It is said sport is popular because it gives us glimpses of perfection. A Virat Kohli cover driving a ball on the rise, a forehand crosscourt smash by PV Sindhu or Kidambi Srikkanth, bodies bent like performing dolphins in the air or a lofted ondrive by Harmanpreet Kaur sailing over the ropes. Spectacular passages of play like that in which Indian sportsmen were the dramatis personae came in profusion to bring the year 2017 within touching distance of perfection.
What would 2018 hold in store for India in sport? The crystal ball reveals the collective will be closer to perfection than in 2017. In fact, the coming year will be the most satisfying for Indian sport. There will be medals galore in the multi-discipline Commonwealth Games (April 4 to 13) on the Gold Coast near Brisbane. As a sporting nation, India has taken a more of a shy approach to these games ever since finishing second in 2010 as the host. A slip to fifth in 2014 might be an aberration and could be corrected as our sportsmen have progressed considerably in the last four years.
There will be more golds in the Asian Games (August 18 to September 2) in Jakarta and Palembang in Indonesia. There may be some heartaches too as the competition gets stiffer in each Games with China’s exploding ambitions and other nations paying far more attention these days. The true test will be the Asian Games more than the Commonwealth but in a drug-free year in 2017 Indian track & field stars have shown far greater promise that talent will translate into performance, and without the need to cheat.
A clutch of medals in individual efforts will continue to be the Indian way with the promise that it may be a little different this time what with the form of the hockey teams – men and women – who had a great year in 2017 with victories in the Asia Cup. The signs that Indians have adapted well to the modern, fast-paced game and quick-passing tactics promise even better results in the future and team medals in the Asian Games will boost the tally while propelling India closer to the biggest sporting powers in the region.
In sport, as in life, the slip between the cup and the lip may be minuscule, and excruciatingly so. What stood between perfection and the national cricket teams – men and women – was a bad day in the final. Take away the final from Kohli’s men, who lost control of Team India’s most important game of the year after outing the Pakistanis in, and a few blips here and there and you see the picture of a perfect year. It was in 2017 that India won a ninth successive Test series and an eighth consecutive bilateral ODI series.
The year 2018 will be a litmus test and if India wins in South Africa it would be breaking a jinx. The feeling is gathering strength that this could be Team India’s year in South Africa as a set of quicks will be bolstering India’s chances in bowler-friendly conditions. A tour of England will be challenging too and Indian batsmen can hope to truly shine in an English summer filled with runs. Kohli may be the one most tested in English conditions but one could stick his neck out and say the skipper is certain to play a couple of long innings in the Test series.
In the past a near clichetic rationale for India and Indians’ performances in sport used to be that they lacked the ‘killer instinct’. This used to be repeated ad nauseam at every opportunity in sporting circles and debates on Indians in sport. That seemed to have changed over time in proportion to the Indian economy coming of age and growing. The sportsmen’s aspirations too seemed to grow along with India’s perceived place among the nations of the world. This became particularly evident in the first decade of the new millennium when not only were the Indian cricketers more assertive in their body language and their behaviour on the field but also in sportspeople who in various disciplines were beginning to show the prowess to come through as winners.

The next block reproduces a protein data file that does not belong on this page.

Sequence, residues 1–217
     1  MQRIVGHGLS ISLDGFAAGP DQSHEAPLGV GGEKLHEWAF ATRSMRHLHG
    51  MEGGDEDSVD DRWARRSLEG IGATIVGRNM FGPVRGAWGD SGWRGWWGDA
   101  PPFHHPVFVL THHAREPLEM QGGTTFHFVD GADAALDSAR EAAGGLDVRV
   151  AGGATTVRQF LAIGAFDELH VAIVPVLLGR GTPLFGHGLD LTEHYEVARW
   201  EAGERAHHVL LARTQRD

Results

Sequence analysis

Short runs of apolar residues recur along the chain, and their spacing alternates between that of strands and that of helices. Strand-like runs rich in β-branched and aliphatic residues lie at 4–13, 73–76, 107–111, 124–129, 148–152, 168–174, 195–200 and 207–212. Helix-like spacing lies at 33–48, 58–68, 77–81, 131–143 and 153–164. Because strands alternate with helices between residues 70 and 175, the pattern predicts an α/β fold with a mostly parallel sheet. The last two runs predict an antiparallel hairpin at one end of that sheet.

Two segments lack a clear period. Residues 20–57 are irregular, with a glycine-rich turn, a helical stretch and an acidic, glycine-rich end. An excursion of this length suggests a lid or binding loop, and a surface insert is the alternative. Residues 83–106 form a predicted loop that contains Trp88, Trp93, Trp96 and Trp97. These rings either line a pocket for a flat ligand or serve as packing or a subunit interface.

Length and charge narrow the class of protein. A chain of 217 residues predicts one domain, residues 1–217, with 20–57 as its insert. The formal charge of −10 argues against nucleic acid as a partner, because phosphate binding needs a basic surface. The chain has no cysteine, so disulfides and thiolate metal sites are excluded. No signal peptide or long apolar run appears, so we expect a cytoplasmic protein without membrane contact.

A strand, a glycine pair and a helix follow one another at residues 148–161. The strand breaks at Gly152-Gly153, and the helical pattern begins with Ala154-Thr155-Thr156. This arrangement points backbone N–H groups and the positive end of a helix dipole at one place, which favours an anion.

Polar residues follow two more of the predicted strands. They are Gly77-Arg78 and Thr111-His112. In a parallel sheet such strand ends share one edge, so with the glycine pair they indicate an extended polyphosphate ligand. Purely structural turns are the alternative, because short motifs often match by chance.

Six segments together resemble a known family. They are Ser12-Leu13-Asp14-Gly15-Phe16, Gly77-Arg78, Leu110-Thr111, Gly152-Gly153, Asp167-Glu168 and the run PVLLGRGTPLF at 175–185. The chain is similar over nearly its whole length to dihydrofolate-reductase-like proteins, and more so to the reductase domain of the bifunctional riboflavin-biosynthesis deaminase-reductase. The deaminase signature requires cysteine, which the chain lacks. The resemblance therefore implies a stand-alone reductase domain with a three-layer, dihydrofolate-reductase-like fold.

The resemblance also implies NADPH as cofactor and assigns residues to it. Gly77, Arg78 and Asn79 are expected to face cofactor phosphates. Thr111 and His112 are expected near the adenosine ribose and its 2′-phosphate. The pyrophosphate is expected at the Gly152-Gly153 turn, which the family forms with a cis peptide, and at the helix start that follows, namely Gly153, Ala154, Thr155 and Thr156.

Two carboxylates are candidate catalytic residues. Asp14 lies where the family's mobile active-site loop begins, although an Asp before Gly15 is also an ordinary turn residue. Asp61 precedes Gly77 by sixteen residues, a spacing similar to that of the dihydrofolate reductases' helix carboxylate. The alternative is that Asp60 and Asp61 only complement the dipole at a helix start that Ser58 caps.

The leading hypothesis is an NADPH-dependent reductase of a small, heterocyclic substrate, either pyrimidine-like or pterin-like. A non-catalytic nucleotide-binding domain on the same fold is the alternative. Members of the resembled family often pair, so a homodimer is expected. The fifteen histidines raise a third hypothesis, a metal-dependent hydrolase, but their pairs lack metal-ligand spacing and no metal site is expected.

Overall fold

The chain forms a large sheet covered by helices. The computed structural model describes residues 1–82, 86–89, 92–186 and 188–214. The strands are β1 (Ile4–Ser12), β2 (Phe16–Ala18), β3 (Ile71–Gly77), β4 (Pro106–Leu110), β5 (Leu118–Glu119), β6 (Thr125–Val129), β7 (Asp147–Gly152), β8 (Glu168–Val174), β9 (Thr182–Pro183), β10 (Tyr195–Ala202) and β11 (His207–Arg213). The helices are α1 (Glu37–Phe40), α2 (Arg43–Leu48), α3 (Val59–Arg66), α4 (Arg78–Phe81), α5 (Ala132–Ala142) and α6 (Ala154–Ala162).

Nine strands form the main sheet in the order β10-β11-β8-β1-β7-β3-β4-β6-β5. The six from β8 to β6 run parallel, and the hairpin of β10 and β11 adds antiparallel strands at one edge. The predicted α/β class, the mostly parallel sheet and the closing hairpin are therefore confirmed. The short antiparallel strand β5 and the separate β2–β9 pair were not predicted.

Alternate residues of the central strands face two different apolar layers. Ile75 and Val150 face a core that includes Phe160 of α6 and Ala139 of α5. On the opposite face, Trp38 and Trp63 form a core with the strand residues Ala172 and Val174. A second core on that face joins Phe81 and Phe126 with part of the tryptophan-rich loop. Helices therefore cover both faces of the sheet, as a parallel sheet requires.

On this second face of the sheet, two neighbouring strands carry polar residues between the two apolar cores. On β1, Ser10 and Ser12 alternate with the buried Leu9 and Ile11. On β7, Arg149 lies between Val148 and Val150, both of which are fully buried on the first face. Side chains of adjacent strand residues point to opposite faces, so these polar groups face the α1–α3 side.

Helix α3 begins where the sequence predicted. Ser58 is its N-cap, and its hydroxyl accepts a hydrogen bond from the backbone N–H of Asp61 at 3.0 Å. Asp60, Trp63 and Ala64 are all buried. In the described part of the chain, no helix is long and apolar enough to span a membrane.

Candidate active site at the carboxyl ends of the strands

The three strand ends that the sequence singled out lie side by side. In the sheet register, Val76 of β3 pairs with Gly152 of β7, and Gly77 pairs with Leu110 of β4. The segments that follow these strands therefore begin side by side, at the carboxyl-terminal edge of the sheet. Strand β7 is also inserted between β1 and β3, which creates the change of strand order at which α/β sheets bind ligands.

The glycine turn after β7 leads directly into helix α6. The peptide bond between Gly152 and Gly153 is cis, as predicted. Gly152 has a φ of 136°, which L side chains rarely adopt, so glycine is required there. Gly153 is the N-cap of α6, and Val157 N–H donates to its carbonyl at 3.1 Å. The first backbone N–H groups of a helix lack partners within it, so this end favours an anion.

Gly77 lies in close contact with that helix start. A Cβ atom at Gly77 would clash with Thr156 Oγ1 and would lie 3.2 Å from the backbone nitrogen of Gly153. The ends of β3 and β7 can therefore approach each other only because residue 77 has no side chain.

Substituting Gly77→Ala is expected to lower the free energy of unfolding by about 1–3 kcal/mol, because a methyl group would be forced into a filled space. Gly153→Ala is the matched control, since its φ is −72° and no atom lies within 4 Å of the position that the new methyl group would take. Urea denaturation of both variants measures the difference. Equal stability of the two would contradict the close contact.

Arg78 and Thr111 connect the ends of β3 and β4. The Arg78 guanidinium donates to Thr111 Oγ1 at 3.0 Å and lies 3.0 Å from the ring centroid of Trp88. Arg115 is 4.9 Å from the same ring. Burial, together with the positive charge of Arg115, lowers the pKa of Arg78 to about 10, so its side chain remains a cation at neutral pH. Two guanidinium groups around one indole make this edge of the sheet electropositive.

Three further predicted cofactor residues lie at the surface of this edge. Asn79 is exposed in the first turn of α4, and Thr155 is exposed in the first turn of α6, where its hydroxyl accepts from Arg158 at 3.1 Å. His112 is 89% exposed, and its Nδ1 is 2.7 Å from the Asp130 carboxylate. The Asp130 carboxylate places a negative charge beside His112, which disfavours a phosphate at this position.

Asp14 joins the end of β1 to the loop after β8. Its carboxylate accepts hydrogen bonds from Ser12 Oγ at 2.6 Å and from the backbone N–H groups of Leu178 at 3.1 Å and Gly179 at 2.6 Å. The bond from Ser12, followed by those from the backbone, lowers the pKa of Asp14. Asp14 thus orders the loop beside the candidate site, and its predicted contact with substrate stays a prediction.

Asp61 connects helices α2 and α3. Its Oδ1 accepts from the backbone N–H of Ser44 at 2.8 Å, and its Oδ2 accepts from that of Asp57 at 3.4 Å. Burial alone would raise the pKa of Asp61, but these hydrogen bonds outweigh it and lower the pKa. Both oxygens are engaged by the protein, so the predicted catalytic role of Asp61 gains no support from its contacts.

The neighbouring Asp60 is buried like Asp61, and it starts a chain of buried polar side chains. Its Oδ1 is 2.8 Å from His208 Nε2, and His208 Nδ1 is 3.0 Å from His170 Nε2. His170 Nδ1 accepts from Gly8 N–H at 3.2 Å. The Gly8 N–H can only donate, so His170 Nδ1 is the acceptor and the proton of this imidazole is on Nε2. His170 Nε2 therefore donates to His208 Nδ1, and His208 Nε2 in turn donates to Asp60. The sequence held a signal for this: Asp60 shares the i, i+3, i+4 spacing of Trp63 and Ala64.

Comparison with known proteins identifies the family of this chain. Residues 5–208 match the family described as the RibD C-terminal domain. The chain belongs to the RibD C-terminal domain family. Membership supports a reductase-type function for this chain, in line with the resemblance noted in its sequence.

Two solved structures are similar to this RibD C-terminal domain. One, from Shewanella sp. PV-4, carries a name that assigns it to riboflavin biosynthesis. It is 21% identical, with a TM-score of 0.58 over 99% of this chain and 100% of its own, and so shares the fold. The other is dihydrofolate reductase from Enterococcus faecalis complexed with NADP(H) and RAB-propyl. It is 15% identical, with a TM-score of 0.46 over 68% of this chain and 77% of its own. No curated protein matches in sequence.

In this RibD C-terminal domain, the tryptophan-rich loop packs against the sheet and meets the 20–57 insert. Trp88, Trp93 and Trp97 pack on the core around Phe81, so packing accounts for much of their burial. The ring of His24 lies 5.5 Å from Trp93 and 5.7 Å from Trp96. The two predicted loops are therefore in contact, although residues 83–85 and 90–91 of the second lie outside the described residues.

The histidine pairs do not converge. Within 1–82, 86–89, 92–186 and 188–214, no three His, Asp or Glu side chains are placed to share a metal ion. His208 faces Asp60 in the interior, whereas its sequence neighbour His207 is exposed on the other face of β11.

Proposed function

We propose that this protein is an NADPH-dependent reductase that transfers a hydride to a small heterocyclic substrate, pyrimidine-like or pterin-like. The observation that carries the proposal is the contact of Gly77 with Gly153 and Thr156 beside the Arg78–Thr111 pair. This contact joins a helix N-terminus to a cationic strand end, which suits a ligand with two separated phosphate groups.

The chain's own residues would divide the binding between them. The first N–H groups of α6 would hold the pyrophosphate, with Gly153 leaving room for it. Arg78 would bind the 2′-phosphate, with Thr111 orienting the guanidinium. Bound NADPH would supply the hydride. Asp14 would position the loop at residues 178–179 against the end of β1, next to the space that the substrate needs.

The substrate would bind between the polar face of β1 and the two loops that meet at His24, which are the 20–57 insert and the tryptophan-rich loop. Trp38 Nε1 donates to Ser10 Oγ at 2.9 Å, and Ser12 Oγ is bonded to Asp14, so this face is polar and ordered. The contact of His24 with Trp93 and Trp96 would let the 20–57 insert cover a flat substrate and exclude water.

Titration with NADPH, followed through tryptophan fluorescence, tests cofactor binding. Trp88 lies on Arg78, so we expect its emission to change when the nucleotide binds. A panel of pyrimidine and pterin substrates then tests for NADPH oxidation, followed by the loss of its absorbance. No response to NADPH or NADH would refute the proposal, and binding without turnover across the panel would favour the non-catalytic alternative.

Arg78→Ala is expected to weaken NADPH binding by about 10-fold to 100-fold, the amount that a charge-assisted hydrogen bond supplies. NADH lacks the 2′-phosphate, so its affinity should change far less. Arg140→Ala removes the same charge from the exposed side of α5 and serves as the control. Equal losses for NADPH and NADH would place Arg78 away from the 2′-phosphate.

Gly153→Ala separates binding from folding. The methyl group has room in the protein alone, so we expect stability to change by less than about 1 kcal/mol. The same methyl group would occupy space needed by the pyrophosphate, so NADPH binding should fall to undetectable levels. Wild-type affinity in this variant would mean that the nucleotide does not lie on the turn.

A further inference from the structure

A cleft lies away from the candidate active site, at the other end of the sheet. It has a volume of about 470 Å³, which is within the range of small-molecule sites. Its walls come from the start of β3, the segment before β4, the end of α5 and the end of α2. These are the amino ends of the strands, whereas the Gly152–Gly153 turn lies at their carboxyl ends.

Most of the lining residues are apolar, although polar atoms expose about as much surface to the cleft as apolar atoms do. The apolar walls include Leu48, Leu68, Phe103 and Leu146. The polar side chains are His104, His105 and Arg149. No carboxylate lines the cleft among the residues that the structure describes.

The march of the badminton players was the real highlight of 2017. The progress that Kidambi Srikanth made was indeed the most noticeable feature of the year. A total endorsement of badminton as the sport that propelled India into the super league of sporting nations outside the cricket arenas would come if Srikanth or PV Sindhu goes on to win the world championship in 2018. Srikanth is the best bet as the Gopichand protégé climbed giddy heights in 2017, winning three Super Series Finals in a row and four titles in all, which represent unprecedented success for any individual Indian sportsman.
The phenomenal consistency marked him out as the sportsman of the year although his stumble in the world championships quarter final where he succumbed to South Korea’s Son Wan-ho once again stressed the point that perfection is hard to achieve even for the most gifted of athletes. Sindhu had a great year too although she lost the world championship final to Japan’s Nozomi Okuhara. She had her revenge soon in Korea, but again finished second in the Dubai Super Series Final, fighting all the way though. The coming year should be the one in which they will scale the ultimate peaks in their sport.
It must, however, be considered remarkable that in a sport like badminton demanding extreme fitness, Indians should be in the running even as sport–loving Indians have begun believing that their sportspeople can win at the highest international level. In fact, Srikanth and Sai Praneeth created history when they became the first ever Indians to be featured against each other in a Super Series Finals, in Singapore. Sai Praneeth, Srikanth’s stablemate from the renowned Gopichand academy, prevailed that day. Sport academies have melded the latest training and skill set building techniques, which is a clear reason why Indian sportspeople have come this far after decades in which they occasionally shone like a flashing meteor. And 2018 will be the year in which they will deliver.